their devotion to an idea; but with the Transcendentalists self-culture
and the aesthetic and sentimental education took the place of more
public aims. They seem also to have been persons of greater social
refinement than the Abolitionists.

The Transcendentalists were sure of only one thing,--that society as
constituted was all wrong. In this their main belief they were right.
They were men and women whose fundamental need was activity, contact
with real life, and the opportunity for social expansion; and they
keenly felt the chill and fictitious character of the reigning
conventionalities. The rigidity of behavior which at this time
characterized the Bostonians seemed sometimes ludicrous and sometimes
disagreeable to the foreign visitor. There was great gravity, together
with a certain pomp and dumbness, and these things were supposed to be
natural to the inhabitants and to give them joy. People are apt to
forget that such masks are never worn with ease. They result from the
application of an inflexible will, and always inflict discomfort. The
Transcendentalists found themselves all but stifled in a society as
artificial in its decorum as the court of France during the last years
of Louis XIV.

Emerson was in no way responsible for the movement, although he got the
credit of having evoked it by his teaching. He was elder brother to it,
and was generated by its parental forces; but even if Emerson had never
lived, the Transcendentalists would have appeared. He was their victim
rather than their cause. He was always tolerant of them and sometimes
amused at them, and disposed to treat them lightly. It is impossible to
analyze their case with more astuteness than he did in an editorial
letter in The Dial. The letter is cold, but is a masterpiece of good
sense. He had, he says, received fifteen letters on the Prospects of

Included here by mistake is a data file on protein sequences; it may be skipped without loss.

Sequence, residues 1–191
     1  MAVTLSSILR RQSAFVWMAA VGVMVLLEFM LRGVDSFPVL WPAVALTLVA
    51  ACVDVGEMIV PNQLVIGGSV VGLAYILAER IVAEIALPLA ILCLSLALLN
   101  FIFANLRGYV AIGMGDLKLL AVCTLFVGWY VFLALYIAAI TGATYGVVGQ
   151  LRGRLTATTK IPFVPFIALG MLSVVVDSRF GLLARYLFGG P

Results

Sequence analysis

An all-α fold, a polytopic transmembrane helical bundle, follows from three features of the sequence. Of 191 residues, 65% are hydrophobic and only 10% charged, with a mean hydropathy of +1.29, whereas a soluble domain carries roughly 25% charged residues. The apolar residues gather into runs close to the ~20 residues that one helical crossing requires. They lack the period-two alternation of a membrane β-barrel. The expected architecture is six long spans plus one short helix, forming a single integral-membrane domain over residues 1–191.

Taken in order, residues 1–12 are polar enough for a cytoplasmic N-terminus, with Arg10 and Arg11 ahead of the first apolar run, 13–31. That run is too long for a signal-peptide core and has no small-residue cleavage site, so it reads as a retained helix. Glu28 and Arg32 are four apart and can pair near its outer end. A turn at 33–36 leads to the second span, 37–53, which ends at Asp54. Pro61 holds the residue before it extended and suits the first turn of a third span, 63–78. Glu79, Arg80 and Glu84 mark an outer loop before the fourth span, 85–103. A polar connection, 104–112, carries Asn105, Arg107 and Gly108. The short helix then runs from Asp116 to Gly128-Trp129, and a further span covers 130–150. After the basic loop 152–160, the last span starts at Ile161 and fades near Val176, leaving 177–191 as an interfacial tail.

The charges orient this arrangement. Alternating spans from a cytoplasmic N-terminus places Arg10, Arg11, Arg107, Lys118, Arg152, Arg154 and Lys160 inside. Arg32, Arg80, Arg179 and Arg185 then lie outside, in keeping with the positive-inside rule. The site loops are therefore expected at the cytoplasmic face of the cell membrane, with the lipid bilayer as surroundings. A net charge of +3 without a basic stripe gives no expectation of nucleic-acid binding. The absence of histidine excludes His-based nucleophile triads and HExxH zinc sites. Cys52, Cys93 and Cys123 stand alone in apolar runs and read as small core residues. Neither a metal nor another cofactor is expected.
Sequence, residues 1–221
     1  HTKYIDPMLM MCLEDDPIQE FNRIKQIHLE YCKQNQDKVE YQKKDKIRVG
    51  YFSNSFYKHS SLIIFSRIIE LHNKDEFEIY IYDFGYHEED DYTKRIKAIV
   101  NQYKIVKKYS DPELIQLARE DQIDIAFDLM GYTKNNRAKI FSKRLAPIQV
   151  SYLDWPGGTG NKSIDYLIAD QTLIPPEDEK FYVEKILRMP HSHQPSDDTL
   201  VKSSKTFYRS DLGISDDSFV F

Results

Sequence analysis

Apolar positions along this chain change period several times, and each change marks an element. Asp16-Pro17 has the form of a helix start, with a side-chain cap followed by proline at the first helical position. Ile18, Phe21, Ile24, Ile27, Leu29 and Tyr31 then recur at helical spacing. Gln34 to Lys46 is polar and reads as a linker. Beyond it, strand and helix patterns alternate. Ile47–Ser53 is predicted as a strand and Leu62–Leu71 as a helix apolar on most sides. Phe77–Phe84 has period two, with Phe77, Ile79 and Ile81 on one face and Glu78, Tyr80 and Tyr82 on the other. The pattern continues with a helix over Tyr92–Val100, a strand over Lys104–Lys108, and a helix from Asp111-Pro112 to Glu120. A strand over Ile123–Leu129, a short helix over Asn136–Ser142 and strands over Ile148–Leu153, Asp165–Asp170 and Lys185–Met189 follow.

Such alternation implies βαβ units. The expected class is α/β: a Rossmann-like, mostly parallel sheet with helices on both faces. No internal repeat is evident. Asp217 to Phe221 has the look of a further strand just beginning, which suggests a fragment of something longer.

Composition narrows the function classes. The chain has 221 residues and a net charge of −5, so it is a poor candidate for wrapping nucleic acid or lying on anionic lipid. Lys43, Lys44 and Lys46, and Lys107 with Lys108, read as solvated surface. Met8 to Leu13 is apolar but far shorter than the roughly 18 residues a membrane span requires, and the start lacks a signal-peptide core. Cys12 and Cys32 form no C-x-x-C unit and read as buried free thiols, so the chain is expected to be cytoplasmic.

Culture. "Excellent reasons have been shown us why the writers,
obviously persons of sincerity and elegance, should be dissatisfied with
the life they lead, and with their company.... They want a friend to
whom they can speak and from whom they may hear now and then a
reasonable word." After discussing one or two of their proposals,--one
of which was that the tiresome "uncles and aunts" of the enthusiasts
should be placed by themselves in one delightful village, the dough, as
Emerson says, be placed in one pan and the leaven in another,--he
continues: "But it would be unjust not to remind our younger friends
that whilst this aspiration has always made its mark in the lives of men
of thought, in vigorous individuals it does not remain a detached
object, but is satisfied along with the satisfaction of other aims."
Young Americans "are educated above the work of their times and country,
and disdain it. Many of the more acute minds pass into a lofty
criticism ... which only embitters their sensibility to the evil, and
widens the feeling of hostility between them and the citizens at
large.... We should not know where to find in literature any record of
so much unbalanced intellectuality, such undeniable apprehension without
talent, so much power without equal applicability, as our young men
pretend to.... The balance of mind and body will redress itself fast
enough. Superficialness is the real distemper.... It is certain that
speculation is no succedaneum for life." He then turns to find the cure
for these distempers in the farm lands of Illinois, at that time already
being fenced in "almost like New England itself," and closes with a
suggestion that so long as there is a woodpile in the yard, and the
"wrongs of the Indian, of the Negro, of the emigrant, remain
unmitigated," relief might be found even nearer home.

In his lecture on the Transcendentalists he says: "... But their
solitary and fastidious manners not only withdraw them from the
conversation, but from the labors of the world: they are not good
citizens, not good members of society; unwillingly they bear their part
of the public and private burdens; they do not willingly share in the
public charities, in the public religious rites, in the enterprises of
education, of missions foreign and domestic, in the abolition of the
slave-trade, or in the temperance society. They do not even like to
vote." A less sympathetic observer, Harriet Martineau, wrote of them:
"While Margaret Fuller and her adult pupils sat 'gorgeously dressed,'
talking about Mars and Venus, Plato and Goethe, and fancying themselves
the elect of the earth in intellect and refinement, the liberties of the
republic were running out as fast as they could go at a breach which
another sort of elect persons were devoting themselves to repair; and my
complaint against the 'gorgeous' pedants was that they regarded their